Vortex Strikefire Review / SF-RG-501 Strikefire II

Vortex Optics Strikefire II Red Dot Sight - 4 MOA Red/Green Dot Has the shooting bug recently bitten you and are you new to the shooting world? This Vortex Strikefire review will detail exactly why the Vortex Optics SF-RG-501 Strikefire II Red Dot Sight is good for beginner shooters, but is also a great choice for intermediate shooters with a little bit more experience under their belts.


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Design & Features

Priced in the upper-echelons of the budget-price range for red-dot sights, the 1.1 pound weight of this Vortex Optics SF-RG-5-1 Strikefire II undoubtedly makes it one of the heavier sighting devices around, but if you’re a beginner this is great because as your shooting advances, you’re likely to only use lighter sights of around 12-13 ounces. It’s extremely easy to set up and you’ll be up-and-running in no time, but depending on which firearm you’re mounting it on, the rails you’ll use can bring its total weight right down to around 7.5 ounces. Again, this isn’t something you’d be too worried about as a beginner, but this information comes in handy if you’re a little bit more of an experienced or regular shooter.


Is this really the best scope for beginners and intermediate shooters? The best way to answer what is an inevitable question for advancing beginners is by first looking at your firearm collection, which will no doubt be a growing one. If you’re going to switch regular-use firearms once you make the leap from beginner to intermediate or advanced shooter, then yes, this would probably be the best first scope for you. An example of this might be that which entails your “beginner gun” being something like a Sig Sauer 556 Swat Patrol, with perhaps an AR-15 forming part of your growing arsenal once you graduate to being an intermediate or expert shooter. Otherwise the Vortex Optics Sparc II 2 MOA Red Dot Sight (SPC-402), from the same manufacturer will perhaps be a better alternative if you’re just going to mount one firearm and persist with it as you advance your shooting levels.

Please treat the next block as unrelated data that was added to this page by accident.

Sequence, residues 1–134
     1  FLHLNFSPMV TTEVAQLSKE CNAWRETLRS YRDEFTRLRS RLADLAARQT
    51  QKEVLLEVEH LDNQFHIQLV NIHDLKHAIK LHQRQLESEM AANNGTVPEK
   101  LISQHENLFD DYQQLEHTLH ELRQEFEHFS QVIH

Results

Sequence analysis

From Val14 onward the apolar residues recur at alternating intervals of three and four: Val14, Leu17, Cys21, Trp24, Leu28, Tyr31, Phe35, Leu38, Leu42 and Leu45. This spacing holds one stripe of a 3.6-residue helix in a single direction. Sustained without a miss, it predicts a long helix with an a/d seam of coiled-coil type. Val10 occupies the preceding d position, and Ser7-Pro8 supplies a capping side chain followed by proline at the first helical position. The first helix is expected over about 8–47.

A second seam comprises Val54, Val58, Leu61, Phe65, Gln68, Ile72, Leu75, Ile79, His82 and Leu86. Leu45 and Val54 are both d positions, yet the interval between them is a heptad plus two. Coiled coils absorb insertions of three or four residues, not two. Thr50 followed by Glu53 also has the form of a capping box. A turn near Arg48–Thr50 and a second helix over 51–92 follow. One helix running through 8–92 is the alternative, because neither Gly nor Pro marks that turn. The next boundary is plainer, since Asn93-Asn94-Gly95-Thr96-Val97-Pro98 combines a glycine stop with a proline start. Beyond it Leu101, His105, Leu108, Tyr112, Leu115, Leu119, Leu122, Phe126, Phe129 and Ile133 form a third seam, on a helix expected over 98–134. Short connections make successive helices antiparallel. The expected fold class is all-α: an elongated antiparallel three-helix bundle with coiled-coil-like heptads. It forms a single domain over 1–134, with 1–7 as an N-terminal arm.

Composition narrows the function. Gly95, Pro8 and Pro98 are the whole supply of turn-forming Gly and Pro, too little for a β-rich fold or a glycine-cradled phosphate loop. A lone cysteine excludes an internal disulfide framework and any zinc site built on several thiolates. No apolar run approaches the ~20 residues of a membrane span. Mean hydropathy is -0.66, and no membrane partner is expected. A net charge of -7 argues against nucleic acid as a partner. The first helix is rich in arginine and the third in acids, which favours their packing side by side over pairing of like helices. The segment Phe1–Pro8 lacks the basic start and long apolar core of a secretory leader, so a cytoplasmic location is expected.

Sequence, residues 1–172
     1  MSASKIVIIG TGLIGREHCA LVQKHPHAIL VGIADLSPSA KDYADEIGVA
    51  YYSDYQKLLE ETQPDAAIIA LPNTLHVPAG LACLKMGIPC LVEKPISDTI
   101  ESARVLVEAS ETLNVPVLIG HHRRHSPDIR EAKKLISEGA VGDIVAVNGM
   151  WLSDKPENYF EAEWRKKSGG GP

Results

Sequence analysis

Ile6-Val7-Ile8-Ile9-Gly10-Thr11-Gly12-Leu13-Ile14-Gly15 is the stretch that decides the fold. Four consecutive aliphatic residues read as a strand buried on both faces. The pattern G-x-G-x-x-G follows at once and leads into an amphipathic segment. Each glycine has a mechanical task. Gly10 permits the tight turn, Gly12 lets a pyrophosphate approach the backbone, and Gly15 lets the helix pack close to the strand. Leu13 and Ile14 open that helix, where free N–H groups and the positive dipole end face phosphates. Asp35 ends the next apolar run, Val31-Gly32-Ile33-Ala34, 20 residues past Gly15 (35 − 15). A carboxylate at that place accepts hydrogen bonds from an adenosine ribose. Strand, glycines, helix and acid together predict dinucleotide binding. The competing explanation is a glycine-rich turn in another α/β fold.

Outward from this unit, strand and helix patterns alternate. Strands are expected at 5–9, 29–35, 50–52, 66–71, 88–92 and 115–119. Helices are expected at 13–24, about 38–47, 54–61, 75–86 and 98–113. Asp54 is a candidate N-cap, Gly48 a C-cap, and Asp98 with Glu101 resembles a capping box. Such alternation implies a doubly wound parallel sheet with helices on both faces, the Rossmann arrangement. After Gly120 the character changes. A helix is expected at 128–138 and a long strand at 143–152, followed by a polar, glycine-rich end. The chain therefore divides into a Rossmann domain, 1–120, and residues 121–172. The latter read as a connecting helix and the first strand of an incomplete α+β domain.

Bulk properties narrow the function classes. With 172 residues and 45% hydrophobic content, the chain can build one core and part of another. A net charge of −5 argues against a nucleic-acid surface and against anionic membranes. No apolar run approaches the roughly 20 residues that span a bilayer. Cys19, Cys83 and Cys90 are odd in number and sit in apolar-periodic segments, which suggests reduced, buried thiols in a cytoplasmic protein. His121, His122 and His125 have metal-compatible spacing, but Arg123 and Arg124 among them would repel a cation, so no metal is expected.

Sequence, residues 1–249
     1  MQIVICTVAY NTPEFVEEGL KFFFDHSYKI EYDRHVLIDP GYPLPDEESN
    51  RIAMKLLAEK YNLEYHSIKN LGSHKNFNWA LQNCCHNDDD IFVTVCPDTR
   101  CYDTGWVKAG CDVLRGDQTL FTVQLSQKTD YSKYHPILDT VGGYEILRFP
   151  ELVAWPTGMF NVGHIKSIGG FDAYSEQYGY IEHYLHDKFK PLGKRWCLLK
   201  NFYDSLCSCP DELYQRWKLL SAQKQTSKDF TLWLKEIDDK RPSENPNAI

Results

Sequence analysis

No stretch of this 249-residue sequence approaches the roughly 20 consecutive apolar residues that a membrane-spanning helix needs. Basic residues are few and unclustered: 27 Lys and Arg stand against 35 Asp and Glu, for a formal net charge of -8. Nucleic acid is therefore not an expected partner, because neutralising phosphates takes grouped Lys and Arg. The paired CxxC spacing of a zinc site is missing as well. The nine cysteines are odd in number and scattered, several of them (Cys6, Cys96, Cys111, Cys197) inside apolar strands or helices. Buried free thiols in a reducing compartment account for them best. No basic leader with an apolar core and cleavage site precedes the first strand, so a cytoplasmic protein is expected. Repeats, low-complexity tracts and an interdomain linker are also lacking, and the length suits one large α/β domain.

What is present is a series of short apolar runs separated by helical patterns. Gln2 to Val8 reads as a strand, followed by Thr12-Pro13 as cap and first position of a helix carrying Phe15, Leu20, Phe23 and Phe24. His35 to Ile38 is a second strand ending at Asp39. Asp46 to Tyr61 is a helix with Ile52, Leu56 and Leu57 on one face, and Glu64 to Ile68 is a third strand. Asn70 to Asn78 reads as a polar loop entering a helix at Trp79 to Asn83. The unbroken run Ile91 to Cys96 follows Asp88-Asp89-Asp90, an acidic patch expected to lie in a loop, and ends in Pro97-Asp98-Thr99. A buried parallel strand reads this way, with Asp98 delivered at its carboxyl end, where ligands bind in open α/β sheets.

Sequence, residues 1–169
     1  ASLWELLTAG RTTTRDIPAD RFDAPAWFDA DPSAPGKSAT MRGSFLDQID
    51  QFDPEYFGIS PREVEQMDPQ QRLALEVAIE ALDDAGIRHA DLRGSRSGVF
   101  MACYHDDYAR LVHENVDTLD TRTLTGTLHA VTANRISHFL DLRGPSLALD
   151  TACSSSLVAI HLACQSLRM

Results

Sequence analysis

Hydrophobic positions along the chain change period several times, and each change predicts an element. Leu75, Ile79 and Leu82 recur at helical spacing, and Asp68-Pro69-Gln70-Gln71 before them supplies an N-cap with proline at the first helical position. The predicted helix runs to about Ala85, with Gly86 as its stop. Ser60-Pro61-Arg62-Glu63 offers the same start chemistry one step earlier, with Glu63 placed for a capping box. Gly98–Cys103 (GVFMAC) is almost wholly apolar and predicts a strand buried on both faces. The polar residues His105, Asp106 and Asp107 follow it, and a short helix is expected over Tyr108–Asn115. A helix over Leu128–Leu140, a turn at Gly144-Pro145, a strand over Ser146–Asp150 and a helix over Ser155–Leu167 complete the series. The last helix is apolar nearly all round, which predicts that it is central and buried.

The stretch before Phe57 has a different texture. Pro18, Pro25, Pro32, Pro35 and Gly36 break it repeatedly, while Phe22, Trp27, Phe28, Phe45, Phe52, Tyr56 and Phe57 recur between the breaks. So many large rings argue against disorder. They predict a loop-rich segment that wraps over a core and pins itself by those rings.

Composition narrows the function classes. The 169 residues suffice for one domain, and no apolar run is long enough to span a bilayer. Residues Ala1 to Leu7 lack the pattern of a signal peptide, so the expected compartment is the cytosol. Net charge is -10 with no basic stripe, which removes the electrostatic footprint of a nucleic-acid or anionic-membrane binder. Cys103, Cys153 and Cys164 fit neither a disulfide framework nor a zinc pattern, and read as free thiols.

The alternative is purely a suggested option as a result of the mounting systems used — one is a bit quicker and easier to switch between firearms (Sparc II) while things can get a bit complicated with this Strikefire (it requires a different co-witness mount if you don’t want the front-sight to station about a third of the way along the AR15, instead of dead at the center). That would account for another trip to the gun shop and even then, you’d have to know exactly which co-witness mount you’re looking for, although you could probably ask the manufacturers and tell them exactly what you aim to achieve.

It makes for quite a natural alternative in comparing the Srikefire with a Sparc II, but when it comes to the type of optic you’re after, it’s purely a matter of comparing the Sparc II with the Strikefire based on your personal requirements. Otherwise the Strikefire’s battery life will give you about half a year depending on the frequency with which you use it (and the intensity). This sight is one of very few which offer a different color reticle, so you’re not only stuck with a red-dot — you can go green as well, which is useful in what is probably a bizarre occurrence when you have a bright reflective red light-source behind you. The dot is of a good quality and is very easy to adjust, witnessing perfectly in conjunction with iron sights and also zeroing pretty much as soon as you mount it.

It’s a pretty solid and firm sight in deployment, capable of holding up nicely when used with firearms such as a .308 Colt.

The Strikefire offers no magnification however, as with many red-dots (because they’re not really made to magnify) and you can’t remove the caps. It’s also not waterproof, so you’re limited to using it in dry weather.

Check out our list of the best AR 15 Scope Reviews and this article on Sig Sauer Romeo 5 to see how this Vortex compares.

If you have a handgun, you might want to consider the Viper (read about it here), or Venom (click here).


  • Very easily adjusted
  • Easy to use all-round (pretty much ready for use out-the-box)
  • Zeroes easily and holds well
  • Dot is variable in color (red or green) and of high quality
  • Can be very light depending on mount rails used
  • Adequate battery-life (up to 6 months or so)


  • Non-magnified
  • Not really waterproof (although the aluminum body is cited as being waterproof and fogproof)
  • Permanently affixed lens caps
  • Can be very heavy depending on mounting rails used

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The Verdict

The gist of this Vortex Strikefire review was to shine a spotlight on exactly why this is a great red-dot sight for beginner shooters, but as its many features and in-deployment functions were explored, it became increasingly apparent that the intermediate or even experienced shooter will find it very useful. This is the one sight in your arsenal you’d use if you were in a situation that requires you to deploy your firearm as quickly as you can as it offers lightning fast target-acquisition.